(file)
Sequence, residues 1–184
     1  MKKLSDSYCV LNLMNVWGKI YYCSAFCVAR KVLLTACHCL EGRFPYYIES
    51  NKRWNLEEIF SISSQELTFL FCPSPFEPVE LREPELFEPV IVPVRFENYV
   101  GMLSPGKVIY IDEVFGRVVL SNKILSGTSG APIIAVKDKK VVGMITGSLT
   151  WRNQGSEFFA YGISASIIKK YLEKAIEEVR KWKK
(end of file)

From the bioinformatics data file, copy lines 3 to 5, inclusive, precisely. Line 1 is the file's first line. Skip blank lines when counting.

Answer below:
    51  NKRWNLEEIF SISSQELTFL FCPSPFEPVE LREPELFEPV IVPVRFENYV
   101  GMLSPGKVIY IDEVFGRVVL SNKILSGTSG APIIAVKDKK VVGMITGSLT
   151  WRNQGSEFFA YGISASIIKK YLEKAIEEVR KWKK